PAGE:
jamie goode's wine blog

Sunday, July 09, 2006

World cup night. Bad luck, France. Had a feeling you were going to lose when I opened a high-end French wine that was shot. Note to Stuart Pearce: please sign Cannovaro and Gattuso - perhaps also Ribery.

Two wines tonight. Two Australian Rieslings. One bone dry, the other very sweet. Both were pretty good.

Leeuwin Estate Art Series Riesling 2005 Margaret River, Australia
Initially on opening this is quite reduced, but after a while aromas of lime, citrus pith and minerals emerge. On the palate it's bone dry, with bright, limey fruit. High acid makes this very savoury. It really needs food, but it's a very well done Aussie-style Riesling with good concentration. Very good+ 88/100 (UK agent Domaine Direct)

Tamar Ridge Limited Release Botrytis Riesling 2005 Tasmania, Australia
This goes remarkably well with raspberries. Try it! It is sweet and viscous, yet light and fresh at the same time. Lots of complex, sweet apricot and lemony fruit with a nice spiciness, some honeyed notes and high acidity. An impressive, precise sweet wine with some future ahead of it. Very good/excellent 91/100 (UK agent Vinus Vita)


At 1:16 AM, Blogger Salil said...

I'm not that fond of the extremely dry Rieslings, and I've tried a number from Australia that were much too dry and acidic for my liking (then again, I had a number of those without food). I've become very fond though of Rieslings from Marlborough - they're not easy to come across (if you live in Singapore), but they're for the most part excellent.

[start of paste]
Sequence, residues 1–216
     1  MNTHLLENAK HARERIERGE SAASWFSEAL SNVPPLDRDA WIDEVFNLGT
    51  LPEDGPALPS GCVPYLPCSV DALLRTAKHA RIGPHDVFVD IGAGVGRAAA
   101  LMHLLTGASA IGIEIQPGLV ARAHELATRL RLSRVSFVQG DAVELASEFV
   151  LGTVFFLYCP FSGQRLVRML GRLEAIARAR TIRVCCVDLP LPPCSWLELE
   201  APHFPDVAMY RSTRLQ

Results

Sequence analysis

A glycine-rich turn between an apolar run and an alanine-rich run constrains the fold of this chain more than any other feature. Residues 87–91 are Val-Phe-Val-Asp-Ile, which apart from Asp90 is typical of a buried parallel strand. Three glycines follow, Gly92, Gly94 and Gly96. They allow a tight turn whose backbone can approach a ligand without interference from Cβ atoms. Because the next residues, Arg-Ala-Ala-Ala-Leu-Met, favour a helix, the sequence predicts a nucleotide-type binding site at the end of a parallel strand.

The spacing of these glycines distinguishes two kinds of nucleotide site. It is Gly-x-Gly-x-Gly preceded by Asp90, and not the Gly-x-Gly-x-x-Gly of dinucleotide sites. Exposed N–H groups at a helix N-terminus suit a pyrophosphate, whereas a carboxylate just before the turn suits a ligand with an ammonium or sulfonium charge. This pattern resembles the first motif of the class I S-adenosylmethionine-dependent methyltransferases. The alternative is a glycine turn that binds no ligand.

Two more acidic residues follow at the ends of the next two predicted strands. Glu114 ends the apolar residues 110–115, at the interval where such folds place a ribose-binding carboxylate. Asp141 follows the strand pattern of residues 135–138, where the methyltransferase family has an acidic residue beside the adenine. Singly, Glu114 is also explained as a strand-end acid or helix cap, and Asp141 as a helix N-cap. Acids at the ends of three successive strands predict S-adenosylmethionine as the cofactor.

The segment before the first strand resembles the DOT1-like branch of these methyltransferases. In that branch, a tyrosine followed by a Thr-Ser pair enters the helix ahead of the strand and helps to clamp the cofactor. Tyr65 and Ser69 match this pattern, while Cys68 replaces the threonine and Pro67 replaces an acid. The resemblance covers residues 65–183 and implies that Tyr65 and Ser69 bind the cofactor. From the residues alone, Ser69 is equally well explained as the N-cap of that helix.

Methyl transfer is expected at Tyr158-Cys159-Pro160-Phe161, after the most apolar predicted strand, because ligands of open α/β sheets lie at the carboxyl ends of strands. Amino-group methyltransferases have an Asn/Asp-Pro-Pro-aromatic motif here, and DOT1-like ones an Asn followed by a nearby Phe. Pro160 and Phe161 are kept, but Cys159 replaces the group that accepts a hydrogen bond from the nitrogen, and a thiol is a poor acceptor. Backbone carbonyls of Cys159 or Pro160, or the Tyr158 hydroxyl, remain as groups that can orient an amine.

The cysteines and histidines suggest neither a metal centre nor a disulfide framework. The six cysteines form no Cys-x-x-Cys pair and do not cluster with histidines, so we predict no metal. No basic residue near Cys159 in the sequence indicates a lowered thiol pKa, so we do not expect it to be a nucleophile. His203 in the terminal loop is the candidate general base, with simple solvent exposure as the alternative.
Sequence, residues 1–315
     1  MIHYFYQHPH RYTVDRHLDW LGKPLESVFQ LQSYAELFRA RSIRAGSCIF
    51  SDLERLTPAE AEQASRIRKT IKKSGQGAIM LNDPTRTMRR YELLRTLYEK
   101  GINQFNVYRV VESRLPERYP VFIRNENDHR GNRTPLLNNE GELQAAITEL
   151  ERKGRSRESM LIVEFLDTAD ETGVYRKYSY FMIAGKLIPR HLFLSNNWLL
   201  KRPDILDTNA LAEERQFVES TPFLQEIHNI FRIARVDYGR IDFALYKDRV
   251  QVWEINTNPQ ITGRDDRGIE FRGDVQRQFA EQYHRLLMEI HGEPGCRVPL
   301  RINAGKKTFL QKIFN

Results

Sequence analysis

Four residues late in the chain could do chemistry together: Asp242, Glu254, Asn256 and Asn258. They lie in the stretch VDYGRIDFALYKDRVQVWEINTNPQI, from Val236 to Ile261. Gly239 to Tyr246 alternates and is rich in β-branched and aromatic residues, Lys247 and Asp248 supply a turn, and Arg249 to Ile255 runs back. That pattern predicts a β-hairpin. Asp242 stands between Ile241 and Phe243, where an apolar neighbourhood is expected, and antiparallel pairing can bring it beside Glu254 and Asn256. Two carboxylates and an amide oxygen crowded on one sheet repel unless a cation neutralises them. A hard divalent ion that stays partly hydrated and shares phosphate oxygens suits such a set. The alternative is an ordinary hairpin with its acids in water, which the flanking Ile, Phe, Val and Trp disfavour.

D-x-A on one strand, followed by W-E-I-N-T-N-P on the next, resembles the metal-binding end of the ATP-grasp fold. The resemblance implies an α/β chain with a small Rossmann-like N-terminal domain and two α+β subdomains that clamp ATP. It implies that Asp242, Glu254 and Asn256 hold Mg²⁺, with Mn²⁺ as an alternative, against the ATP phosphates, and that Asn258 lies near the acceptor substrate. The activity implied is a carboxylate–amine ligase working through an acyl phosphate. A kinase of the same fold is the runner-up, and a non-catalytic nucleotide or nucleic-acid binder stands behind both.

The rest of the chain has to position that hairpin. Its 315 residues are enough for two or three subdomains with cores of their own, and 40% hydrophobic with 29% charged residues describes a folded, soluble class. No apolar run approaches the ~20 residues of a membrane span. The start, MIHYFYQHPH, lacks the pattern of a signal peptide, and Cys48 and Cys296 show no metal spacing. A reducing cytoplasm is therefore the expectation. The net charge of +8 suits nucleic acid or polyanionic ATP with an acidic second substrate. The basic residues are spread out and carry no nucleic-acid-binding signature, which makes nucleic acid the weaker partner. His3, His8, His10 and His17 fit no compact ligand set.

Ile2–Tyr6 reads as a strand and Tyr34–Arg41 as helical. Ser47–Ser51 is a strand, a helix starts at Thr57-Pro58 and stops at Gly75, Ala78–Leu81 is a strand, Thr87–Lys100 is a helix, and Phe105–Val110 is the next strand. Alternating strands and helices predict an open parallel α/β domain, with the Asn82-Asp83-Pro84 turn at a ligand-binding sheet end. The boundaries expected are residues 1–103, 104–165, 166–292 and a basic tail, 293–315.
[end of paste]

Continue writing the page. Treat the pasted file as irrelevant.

I'll look out for the Botrytis Riesling though - really enjoy that style of wine. Fingers crossed as far as getting a bottle in my hands here is concerned.

At 10:23 AM, Anonymous Barleymow said...

Jamie, in that case, if Brzail starts making good wine you will be able to make a packet on football predictions by opening a bottle of wine from each country before the match!

At 12:02 PM, Anonymous Bertrand said...

Yes, too bad for the World Cup. on the other side, having chosen (lazy option) to stay home, I will not have the regret to have missed photo-ops of rejoicing crowds in the streets...

Yes, we should talk some day.Your blog is at the same time very informative and non-pretentious.

I am not representing the natural wine world, but it is true that these vignerons are making great wines and that their life style is something they can be proud of.

At 10:55 PM, Blogger Jamie said...

Salil- know what you mean. Some of the Aussie Rieslings do seem a tiny bit out of balance without any sweetness countering the acidity. The residual sugar in most New Zealand Rieslings is noticeable, even if it is only in rounding out the texture of the palate.

Barleymow, the Brazilian wine I am familiar with is Rio Sol, made by the team at Portugal's Dao Sul - although all seems to have gone rather quiet on this front. It comes from vineyards at 8 degrees south that crop three times a year! It was pretty good when I tried it a year or two back.

At 10:56 PM, Blogger Jamie said...

Thanks for the nice comments. Yes, we should speak.


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